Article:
3. Sherlock Holmes – Rooted in Reality
3.3.The Issue of Justice
Inquieries into the concept of Justice in A.C. Doyle’s Sherlock Holmes narratives, read both in historical context and with regard to general ethical concerns. With various examples from the original texts.
The Issue of Justice is closely connected to detective stories, as
they deal with any kind of misbehaviour and the punishment following
In his stories, Conan Doyle anticipates a very modern view, as he takes into account that in an imperfect world Written Law and Justice may differ tremendously in some cases.
Although this distinction is almost generally acknowledged in modern
European countries, it wasn't as common in Victorian Times, when
authorities like the state were a reliable source of orientation to
Sherlock Holmes, however, acknowledges that, occasionally
done more real harm by [his] discovery of the criminal than ever he had
done by his crime”
tricks with the law of England than with [your] own conscience.”(1) Needless to say, the detective’s
opinion corresponds to that of Conan Doyle, whose
was always with the oppressed”,as
“he knew from an early age
what it was to face prejudice and unpopularity” – even if he
basically was a rather conventional man.(2)
In the Canon, the issue appears in various different shades(3):
First of all, there's the best possible case, which, although it is quite common in the Canon, requires no further discussion: the criminal is both, legally and morally guilty, he is arrested and receives adequate punishment for his deeds.
Furthermore, there are those cases in which a culprit is morally
guilty, but can not be punished on the basis of Law, either because he
is intelligent enough to evade prosecution or because none of his
actions is illegal in a technical sense.
Sometimes, even Holmes fails to restore justice in these situations. He might, however, choose to break law himself, using his extraordinary abilities to conceal his actions from the police, in defence of the just cause. This adds an amiable, rebellious quality to his character, and gives evidence of his superiority to the official police force.(4)
Two cases dealing with this kind of problem have already been mentioned in a different context: in “The Adventure of Charles Augustus Milverton”, Holmes and Watson find themselves in the unusual role of intruders, as they try to recover delicate documents from an unscrupulous blackmailer. Holmes clearly states his moral view on the matter, when he admits:
“ […] I think there are certain crimes which the law cannot touch, and which therefore, to some extent, justify private revenge. My sympathies are with the criminals rather than with the victim […] .”and allows himself a practical joke with the police officer, who cannot make any sense of the case so far: “‘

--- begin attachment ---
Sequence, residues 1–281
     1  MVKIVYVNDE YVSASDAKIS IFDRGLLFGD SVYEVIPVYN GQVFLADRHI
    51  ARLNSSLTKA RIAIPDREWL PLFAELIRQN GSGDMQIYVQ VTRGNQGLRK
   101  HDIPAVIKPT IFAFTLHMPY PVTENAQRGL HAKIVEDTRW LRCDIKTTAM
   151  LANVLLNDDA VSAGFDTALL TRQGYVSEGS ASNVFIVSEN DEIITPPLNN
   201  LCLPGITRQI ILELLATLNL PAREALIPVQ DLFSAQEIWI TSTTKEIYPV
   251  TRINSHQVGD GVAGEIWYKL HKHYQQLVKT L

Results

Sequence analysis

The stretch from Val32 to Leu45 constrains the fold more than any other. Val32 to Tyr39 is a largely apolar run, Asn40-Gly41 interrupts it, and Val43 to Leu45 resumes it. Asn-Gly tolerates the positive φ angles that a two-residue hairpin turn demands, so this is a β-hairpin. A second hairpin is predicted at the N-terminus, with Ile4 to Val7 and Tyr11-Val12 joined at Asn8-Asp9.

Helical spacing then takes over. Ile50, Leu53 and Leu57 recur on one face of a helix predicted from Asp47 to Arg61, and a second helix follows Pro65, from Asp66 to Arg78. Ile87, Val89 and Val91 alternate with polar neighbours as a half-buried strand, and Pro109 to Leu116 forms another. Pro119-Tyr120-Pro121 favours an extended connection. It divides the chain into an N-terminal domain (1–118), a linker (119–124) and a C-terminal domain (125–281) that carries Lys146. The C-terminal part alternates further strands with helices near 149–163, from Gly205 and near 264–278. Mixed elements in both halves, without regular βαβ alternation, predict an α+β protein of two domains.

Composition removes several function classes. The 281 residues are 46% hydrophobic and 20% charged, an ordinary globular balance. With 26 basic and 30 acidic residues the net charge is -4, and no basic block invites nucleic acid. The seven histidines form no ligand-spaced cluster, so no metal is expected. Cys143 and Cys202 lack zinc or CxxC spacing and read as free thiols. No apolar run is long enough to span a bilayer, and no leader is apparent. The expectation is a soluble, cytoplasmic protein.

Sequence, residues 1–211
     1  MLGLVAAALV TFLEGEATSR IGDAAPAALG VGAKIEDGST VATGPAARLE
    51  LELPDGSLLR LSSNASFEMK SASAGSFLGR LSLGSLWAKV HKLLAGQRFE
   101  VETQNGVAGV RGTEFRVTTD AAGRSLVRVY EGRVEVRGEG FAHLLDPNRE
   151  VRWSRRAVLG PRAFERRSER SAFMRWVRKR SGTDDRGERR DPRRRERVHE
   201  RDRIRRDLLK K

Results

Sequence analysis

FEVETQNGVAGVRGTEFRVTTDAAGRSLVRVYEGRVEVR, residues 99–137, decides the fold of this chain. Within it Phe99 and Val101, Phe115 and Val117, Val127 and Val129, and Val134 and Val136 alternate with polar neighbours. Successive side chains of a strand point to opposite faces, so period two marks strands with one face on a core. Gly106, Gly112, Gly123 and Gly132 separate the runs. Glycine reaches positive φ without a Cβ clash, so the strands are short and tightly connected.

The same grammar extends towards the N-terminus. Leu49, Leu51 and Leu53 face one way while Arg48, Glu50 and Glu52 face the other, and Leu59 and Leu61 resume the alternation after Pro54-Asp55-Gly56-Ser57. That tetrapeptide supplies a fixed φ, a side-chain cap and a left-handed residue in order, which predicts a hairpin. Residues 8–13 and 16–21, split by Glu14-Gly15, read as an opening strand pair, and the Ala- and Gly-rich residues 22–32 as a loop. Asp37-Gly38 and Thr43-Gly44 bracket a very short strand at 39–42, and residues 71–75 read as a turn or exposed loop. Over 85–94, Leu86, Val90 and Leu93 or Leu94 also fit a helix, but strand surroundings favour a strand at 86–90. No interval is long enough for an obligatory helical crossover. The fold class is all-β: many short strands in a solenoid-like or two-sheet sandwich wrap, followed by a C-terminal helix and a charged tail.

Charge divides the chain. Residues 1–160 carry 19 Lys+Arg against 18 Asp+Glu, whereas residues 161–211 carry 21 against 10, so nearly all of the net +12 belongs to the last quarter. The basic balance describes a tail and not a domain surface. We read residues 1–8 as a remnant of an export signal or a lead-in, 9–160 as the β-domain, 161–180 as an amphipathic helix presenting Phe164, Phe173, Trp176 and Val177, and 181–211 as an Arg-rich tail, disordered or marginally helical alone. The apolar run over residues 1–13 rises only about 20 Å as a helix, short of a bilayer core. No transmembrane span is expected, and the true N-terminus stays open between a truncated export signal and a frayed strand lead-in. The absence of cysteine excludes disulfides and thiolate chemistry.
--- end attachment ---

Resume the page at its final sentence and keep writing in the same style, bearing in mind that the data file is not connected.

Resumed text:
s rather vague,’
said Sherlock Holmes.‘
Why, it might be a description of Watson!’ ”
In “A Question of Identity”, Holmes can't but agree with the step-fathers opinion that he had “
done nothing actionable from the first” and has to release him. Nevertheless, he comes up with a remarkable psychological interpretation of the case, which reflects his creator's own ideas:
“There’s a cold-blooded scoundrel!” said Holmes, laughing, […] "That fellow will rise from crime to crime until he does something very bad, and ends on a gallows. The case has, in some respects, been not entirely devoid of interest.”
(from: A Case of Identity)
that, there are a number of cases in which Holmes proofs the innocence
of a suspect. Among them, there’s the spectacular story entitled “The
Adventure of the Norwood Builder”: a blameless man narrowly
escapes an astonishingly well-planned attack on his life, as the true
culprit is eventually found thanks to Sherlock’s keen observation.
The detective might even show compassion for a criminal, when he feels that, due to certain special circumstances, no Court of Law would be able to pass an adequate verdict: Either, the background to a mystery justifies the crime in question sufficiently(5), or the personal situation of a culprit suggests that mercy should be granted.(6)
With last group of cases, it is beyond the power of any mortal to
In some situations, even a genius like Holmes is unable to discover any detail of a case, so that, on these rare occasions, delinquents may go unpunished.(7)
In addition, adversary circumstances out of his control may overthrow the detective’s plans and thereby deter the Course of Justice.
A criminal might even die during or shortly after an investigation and thus be subjected to a completely different kind of court. This metaphysical sort of penance hints at a time when the trust in the existence of a 'supernatural sphere' was stronger still than it is today.(8)
A modern writer of serious crime fiction would probably also tend to
more critical about various institutions of the state; his hero would
probably be less successful at restoring justice and more often be in
doubt what a just decision was at all.
Nevertheless, I appreciate the position on justice Conan Doyle takes in the Canon: he acknowledges that it is not always easy to distinguish between good and evil, because life may bring about complex situations. Therefore, it seems wise not to be too rash or harsh with your judgements as the texts suggest.
Humane and rather realistic, his view is all but outdated in my opinion.